Other people’s lives that are not based on anything remotely related to reality, no matter how many reality shows are broadcast! TV characters lives are painted in vivid neon hues, far more colorful than the natural rainbow of colors that is real life.

When you look at the transition in children’s lives over the past centuries- from playing an integral, active role in a family’s household in a meaningful way, to becoming an inactive robot with eyes glued to a flashing screen for hours a day, is it any wonder that self-esteem levels have plummeted drastically?

Go ahead and turn of the TV and write down a family contract with a workable and realistic TV schedule that allows 60 minutes or less of viewing time on weeknights.

Then, together with your child, get creative.

Look for activities that entertain, build skills, and have tangible results. Help your child with a new craft project, and display the finished result prominently. Volunteer together at a children’s shelter and watch the disadvantaged children’s eyes light up with the gifts of your old games. Take up gardening together, and relish the farm-fresh taste of the fruits and vegetables of your joint handiwork.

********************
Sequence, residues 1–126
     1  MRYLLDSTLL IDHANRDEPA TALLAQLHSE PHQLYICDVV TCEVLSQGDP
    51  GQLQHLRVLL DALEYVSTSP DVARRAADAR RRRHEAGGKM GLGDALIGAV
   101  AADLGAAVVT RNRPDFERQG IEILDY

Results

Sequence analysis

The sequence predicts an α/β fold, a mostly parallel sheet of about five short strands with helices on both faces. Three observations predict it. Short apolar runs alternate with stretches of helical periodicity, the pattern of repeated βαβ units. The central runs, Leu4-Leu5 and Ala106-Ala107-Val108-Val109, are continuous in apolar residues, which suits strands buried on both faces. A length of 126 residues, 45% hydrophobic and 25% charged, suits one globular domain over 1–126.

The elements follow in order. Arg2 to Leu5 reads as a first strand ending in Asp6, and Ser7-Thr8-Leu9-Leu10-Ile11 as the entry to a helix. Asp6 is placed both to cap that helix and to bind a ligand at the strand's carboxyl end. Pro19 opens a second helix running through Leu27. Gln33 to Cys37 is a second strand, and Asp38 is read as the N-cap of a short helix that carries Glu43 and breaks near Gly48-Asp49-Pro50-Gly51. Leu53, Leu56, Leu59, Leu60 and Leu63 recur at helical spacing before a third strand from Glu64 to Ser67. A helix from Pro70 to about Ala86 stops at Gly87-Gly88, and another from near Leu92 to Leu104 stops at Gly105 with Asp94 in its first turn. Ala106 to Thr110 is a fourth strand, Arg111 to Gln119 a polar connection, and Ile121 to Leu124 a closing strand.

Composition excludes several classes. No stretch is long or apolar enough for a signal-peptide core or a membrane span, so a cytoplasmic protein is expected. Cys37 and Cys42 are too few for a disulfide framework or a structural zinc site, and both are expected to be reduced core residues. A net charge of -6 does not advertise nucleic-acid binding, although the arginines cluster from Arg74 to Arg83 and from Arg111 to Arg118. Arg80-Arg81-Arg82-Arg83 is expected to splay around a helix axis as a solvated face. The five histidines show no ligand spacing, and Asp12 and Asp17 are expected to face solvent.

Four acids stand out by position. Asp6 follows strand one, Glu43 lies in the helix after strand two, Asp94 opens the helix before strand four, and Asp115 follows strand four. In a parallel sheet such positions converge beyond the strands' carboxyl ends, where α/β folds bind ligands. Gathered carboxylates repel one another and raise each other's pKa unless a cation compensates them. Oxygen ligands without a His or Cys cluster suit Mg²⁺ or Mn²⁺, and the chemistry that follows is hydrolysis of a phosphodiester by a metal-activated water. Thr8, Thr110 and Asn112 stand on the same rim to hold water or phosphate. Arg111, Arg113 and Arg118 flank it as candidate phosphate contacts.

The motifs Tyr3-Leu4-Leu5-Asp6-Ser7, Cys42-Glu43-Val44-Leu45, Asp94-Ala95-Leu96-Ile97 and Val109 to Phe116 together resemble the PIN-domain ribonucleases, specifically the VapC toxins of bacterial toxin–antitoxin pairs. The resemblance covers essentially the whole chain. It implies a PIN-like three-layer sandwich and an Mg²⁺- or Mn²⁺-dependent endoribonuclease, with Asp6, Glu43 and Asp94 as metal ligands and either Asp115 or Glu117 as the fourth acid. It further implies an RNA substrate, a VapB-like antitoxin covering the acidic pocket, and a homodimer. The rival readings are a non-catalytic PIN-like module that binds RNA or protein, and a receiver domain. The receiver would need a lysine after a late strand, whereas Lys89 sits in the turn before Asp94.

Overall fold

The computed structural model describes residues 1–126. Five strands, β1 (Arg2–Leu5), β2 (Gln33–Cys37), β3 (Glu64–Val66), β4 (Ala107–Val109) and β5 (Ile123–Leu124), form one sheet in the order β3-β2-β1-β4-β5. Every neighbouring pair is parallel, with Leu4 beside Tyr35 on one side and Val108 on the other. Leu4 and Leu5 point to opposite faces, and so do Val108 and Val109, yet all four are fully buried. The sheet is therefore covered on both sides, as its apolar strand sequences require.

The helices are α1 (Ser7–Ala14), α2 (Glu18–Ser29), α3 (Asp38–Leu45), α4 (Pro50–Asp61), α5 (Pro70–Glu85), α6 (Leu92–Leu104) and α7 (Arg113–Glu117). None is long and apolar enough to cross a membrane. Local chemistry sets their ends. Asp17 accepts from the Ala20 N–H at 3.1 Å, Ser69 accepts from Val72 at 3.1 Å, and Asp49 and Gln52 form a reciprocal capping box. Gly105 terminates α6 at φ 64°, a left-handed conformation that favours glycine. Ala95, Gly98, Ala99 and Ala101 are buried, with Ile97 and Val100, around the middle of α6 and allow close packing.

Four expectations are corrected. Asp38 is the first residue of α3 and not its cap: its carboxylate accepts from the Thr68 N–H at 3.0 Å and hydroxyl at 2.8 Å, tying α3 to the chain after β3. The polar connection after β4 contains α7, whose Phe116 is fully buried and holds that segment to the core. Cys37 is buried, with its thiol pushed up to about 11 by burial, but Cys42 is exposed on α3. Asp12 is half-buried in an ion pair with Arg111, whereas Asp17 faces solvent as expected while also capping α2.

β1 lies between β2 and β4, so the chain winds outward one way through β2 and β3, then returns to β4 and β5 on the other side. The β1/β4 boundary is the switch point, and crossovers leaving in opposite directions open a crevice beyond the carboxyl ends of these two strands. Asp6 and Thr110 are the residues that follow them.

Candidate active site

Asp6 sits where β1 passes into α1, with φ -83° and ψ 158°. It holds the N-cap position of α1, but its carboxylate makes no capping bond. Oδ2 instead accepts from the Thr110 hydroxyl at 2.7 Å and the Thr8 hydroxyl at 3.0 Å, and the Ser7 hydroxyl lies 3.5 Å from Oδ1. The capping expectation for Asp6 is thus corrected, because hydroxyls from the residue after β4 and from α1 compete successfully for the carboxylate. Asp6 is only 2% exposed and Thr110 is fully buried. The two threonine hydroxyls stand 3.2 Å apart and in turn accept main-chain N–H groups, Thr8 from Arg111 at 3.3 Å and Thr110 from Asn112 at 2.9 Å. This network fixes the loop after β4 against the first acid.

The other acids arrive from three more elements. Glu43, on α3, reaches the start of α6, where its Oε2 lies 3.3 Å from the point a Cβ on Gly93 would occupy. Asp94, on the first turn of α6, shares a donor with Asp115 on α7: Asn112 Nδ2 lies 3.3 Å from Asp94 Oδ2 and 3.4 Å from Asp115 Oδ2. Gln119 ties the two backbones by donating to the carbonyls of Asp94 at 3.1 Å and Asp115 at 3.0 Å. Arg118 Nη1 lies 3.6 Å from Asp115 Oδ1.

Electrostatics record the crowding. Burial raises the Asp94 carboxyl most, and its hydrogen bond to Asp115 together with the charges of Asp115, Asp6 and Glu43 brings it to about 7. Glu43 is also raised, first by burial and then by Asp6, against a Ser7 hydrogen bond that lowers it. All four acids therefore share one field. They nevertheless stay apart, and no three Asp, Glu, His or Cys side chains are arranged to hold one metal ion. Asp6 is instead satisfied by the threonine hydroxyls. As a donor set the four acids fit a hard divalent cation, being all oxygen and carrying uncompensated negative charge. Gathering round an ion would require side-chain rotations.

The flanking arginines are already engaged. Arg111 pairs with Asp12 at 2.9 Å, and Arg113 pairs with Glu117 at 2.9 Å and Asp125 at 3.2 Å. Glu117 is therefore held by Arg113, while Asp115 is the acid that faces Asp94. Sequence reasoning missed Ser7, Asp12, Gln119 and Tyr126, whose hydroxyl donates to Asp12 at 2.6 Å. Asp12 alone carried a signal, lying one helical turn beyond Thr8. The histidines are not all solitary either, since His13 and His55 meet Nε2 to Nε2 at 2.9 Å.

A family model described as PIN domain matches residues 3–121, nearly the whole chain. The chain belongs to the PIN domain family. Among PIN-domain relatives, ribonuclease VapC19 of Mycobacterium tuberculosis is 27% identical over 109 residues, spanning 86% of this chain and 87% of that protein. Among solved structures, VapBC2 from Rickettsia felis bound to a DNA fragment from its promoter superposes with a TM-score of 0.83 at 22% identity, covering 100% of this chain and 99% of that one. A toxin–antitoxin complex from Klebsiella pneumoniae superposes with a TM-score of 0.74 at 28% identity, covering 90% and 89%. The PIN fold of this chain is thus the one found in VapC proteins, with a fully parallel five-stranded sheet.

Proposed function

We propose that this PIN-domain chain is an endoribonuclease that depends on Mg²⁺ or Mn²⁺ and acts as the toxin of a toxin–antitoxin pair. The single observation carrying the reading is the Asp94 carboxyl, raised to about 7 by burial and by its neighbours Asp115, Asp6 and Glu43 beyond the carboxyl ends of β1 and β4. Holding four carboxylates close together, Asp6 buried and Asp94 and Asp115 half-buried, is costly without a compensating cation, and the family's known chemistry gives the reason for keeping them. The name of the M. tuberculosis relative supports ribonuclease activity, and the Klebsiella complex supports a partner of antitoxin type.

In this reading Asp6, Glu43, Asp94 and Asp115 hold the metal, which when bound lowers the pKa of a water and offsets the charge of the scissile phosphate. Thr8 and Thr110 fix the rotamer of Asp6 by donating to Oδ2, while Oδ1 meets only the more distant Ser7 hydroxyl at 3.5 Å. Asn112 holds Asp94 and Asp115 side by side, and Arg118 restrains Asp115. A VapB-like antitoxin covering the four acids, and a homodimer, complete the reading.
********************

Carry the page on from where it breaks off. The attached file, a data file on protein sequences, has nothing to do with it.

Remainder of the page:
Please share other ideas for activities that have real results and yield a true boost in self-esteem below!


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  1. Hi, my 7 and 10 old boys get 1 hour of tv tuesdays, wed, and thursdays. mondays are family nights and they wrestle with my husband or we catch up on reading. Fridays we try to go to temple. On the weekend they get some more tv time, but we still limit the number of shows and they have to pick either a show or a movie. We also do not have any playing devises (i don’t even know what they are called … box? nintendos?). They can use my laptop but they usually want to write stories. When we are more relaxed about it and they watch more than we intend, they start arguing the moment they leave the sofa. As if they realize they have not been physically or emotionally present for the past amount of time, or as if they loose social skills. thanks for the article.
    Jannet in Miami, FL.

  2. OH man did this hit home! You are absolutely right, my kids are into so much trouble at home and school. The teachers had mentioned the possibility of boredom and I thought to myself, of course they are bored all they do is watch tv. It is so easy to just turn it on to preoccupy them so that I can get some housework done, or get some much needed respite. Now, I see that some of the issues that are surfacing are due to the fact that they just watch too MUCH TV. I, for one, am going to make a conscious effort to start challenging my children and rewarding their endeavors. What an awesome chance to cultivate young minds! I didn’t realize just how important my role was. Thanks.

  3. Tnah Louise says: